EmptyPuchon International Fantastic Film Festival
BUCHEON, South Korea -- Attending his Q&A session in an "Ichi the Killer" T-shirt, "The Butcher" director Kim Jin-won is a self-professed fan of Takashi Miike. Yet, far from imitating his idol's sophisticated sadism and elaborate film language, Kim's aesthetic of violence is as subtle as a sledgehammer. Underlying the splurging blood and dripping intestines however, is a rather cool observation of human nature, and sly manipulation of audience reaction.
While Korean filmmakers are known for their unique and powerful way of choreographing violence, "The Butcher" is altogether a different, mutant species from such stylish, studio-crafted gems as "Old Boy", "A Bitter Sweet Life" or "A Dirty Carnival." The self-financed film does not meet the national rating criterion, and due to its home-movie production values, will have difficulty getting commercial release. However, since blood lust is cross-cultural, the film is ensured a slot in midnight screenings at festivals around the world, and in underground or cult cinemas. Straight-to-video release is also a possibility. Given that the slasher genre has yet to take off in Korea, the film will have to start off on the underground or internet circuit, before it gains any following.
A self-confessed horror flick fan, the director has managed to distill all his influences into a linear, pared-to-the-bone narrative with a streak of black humor. "Butcher" is basically a "making-of" of a making of a snuff movie. Taking place mostly in a pig's barn, a film crew comprised of the director, his assistant and the butcher get straight down to business with the "cast" -- four people they've caught and hand-cuffed, with camcorders tied to the top of their heads. The first two are unceremoniously dispatched with hammer, knife and saw. Next turn is a married couple. To satisfy their American audiences' fastidious taste, the crew tries to come up with more gimmicks. The husband is given two alternative tests, one of which will set his wife free, while the other will set himself free. Like a "survivor" game show, the trial reveals the human instinct for self-preservation.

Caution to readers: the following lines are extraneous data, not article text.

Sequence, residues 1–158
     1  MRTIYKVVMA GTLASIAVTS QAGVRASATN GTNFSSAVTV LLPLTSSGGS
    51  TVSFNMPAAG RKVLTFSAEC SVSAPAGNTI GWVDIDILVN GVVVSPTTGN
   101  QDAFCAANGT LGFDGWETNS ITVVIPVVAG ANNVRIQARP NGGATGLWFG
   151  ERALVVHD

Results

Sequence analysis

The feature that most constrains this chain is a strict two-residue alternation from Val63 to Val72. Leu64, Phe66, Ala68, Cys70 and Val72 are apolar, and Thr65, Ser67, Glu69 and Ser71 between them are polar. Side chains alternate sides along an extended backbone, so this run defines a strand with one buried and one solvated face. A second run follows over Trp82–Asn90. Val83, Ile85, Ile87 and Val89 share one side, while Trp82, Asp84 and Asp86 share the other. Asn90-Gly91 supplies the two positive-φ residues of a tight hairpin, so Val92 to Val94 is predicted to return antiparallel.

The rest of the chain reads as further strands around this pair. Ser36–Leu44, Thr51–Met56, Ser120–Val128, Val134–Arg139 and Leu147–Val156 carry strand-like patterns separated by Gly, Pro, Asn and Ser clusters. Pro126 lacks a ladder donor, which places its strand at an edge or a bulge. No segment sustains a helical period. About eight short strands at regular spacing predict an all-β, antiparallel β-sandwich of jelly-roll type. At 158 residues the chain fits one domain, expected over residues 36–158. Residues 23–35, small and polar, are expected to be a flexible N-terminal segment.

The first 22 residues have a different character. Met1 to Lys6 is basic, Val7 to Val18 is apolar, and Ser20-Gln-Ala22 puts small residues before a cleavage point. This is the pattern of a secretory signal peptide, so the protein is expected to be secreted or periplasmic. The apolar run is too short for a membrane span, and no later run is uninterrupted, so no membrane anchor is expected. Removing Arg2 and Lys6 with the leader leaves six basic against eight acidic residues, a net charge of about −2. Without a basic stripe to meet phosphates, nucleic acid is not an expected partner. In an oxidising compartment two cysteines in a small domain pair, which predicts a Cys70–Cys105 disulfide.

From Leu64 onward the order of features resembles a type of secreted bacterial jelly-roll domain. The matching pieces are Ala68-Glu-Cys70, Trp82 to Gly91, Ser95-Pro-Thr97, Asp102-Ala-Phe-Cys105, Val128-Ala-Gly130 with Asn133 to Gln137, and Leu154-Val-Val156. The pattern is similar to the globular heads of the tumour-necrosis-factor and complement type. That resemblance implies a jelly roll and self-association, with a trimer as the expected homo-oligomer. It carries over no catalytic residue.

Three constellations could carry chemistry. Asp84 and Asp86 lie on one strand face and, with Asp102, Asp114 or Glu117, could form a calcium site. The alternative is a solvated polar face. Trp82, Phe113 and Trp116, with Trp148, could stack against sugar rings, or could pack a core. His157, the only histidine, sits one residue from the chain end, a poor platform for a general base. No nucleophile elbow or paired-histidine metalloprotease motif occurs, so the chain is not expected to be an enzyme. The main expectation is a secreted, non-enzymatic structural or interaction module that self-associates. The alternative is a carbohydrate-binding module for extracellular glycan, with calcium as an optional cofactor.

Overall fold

Two POVs -- of the crew and restricted vision from the camcorders tied to the captives' head, alternate with each other with dizzying, handheld effect. As a result, the audience also alternates between identifying with the victims' plight, and becoming an accomplice to the crew in meting out torture -- just as the captive is given the choice to endure or inflict pain. The DV camera is used to the film's advantage in generating images of a rough, fuzzy texture and washed out color that accentuates the bleakness of the mis en scene and the bestial, elemental universe it tries to depict.
Devil Groove Pictures
Screenwriter-director-producer-editor: Kim Jin-won
Director of photography: Lee Sang-hyun
Art director: Moon So-hyun
Jaehyun: Yoo Dong-heun
Wife: Ha Yoo-hee
Director Kim: Kim Sung-il
Bongsik: Lee Moo-nyung
Butcher/Victim: Seo Myung-hyun
Running time -- 76 minutes
No MPAA rating